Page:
The treatment options that were discussed with each patient included the performance of nonsurgical root canal therapy, followed by internal bleaching to increase the value of the underlying stump shade, replacement of any core material, and the placement of a definitive full-coverage, all-ceramic restoration. Both patients were amenable to endodontic therapy and the replacement of their existing all-ceramic crowns.

In the first case, the patient reported a history that included childhood dental trauma without swelling or discomfort. The intraoral examination indicated that the existing all-ceramic restoration on tooth No. 8 possessed an inappropriate morphology, surface topography, and shade. Radiographically, tooth No. 8 exhibited a large underlying resin core with significant porosity and periapical radiolucency (Figure 3). The diagnosis for tooth No. 8 was pulp necrosis with asymptomatic apical periodontitis.

In the second case, a preoperative periapical radiographic examination revealed that the patient had previously undergone nonsurgical root canal therapy and that the existing root-filling material stopped 3 mm to 4 mm short of the apex (Figure 4). Further examination revealed an intact lamina dura and normal bone trabeculation. Under high-power microscope magnification, the existing root canal sealer appeared to be the cause of the intrinsic staining; therefore, it was deemed necessary to re-treat and refill the existing root canal.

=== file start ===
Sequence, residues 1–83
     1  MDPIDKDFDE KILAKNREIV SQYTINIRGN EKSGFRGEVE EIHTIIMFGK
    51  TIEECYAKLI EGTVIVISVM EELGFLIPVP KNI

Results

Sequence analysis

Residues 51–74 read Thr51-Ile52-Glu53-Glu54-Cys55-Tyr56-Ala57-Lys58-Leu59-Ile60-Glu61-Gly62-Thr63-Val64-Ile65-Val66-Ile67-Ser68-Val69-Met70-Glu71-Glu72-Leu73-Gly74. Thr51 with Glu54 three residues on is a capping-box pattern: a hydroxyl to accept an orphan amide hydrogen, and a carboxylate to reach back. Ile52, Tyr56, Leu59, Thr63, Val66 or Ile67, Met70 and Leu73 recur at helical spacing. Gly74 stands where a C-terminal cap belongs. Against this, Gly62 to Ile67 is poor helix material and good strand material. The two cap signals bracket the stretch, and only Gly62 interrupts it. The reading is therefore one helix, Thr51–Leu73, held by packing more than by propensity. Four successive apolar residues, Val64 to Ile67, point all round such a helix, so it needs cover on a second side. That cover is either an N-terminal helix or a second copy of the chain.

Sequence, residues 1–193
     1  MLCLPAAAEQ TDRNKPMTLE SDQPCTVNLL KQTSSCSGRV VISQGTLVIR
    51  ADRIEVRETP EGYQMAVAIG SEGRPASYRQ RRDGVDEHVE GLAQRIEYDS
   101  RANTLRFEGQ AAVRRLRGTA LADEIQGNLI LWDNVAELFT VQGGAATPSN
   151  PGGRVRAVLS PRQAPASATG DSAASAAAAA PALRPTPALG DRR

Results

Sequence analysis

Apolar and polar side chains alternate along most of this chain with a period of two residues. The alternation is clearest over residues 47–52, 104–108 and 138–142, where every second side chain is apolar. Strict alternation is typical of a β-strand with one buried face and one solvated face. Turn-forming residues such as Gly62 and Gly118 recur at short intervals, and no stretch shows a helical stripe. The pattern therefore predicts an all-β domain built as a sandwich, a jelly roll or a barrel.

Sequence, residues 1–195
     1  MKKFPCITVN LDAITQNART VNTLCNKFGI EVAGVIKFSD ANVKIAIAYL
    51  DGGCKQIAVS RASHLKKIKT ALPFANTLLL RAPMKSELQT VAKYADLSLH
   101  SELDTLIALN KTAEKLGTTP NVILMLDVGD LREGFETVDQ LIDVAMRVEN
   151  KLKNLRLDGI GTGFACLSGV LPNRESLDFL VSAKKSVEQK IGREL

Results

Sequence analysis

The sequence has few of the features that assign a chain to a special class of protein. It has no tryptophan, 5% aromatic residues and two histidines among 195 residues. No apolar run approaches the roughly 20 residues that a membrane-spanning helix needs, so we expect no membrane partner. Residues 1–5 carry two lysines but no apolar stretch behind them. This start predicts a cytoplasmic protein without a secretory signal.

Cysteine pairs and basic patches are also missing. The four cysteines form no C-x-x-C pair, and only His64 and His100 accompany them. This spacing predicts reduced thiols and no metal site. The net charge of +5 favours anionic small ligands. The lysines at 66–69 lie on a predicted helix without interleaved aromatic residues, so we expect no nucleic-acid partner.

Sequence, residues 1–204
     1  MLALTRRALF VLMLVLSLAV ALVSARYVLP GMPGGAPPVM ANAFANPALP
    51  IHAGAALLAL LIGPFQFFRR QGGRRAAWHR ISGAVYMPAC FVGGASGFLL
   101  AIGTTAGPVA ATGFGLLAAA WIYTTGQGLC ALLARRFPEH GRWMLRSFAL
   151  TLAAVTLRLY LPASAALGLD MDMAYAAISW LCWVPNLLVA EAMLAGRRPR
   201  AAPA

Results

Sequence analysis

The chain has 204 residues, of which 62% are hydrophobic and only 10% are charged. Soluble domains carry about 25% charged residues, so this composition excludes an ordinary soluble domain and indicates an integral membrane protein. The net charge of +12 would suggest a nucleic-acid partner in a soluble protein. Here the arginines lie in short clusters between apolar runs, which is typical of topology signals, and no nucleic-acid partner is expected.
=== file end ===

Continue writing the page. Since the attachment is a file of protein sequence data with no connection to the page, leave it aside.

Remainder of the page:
The prosthetic and endodontic protocols were nearly identical for all phases of treatment in both cases. At the first operative visit, the existing ceramic crown was carefully sectioned and removed (Figure 5 and Figure 6). This was followed by the removal of any existing supragingival core materials in the first case. Next, the highly chromatic underlying natural stump shade was recorded, and a provisional restoration was fabricated and luted with temporary cement. Each patient was then immediately dismissed to the endodontist for same-day elective root canal therapy and internal bleaching treatment with the walking bleach technique.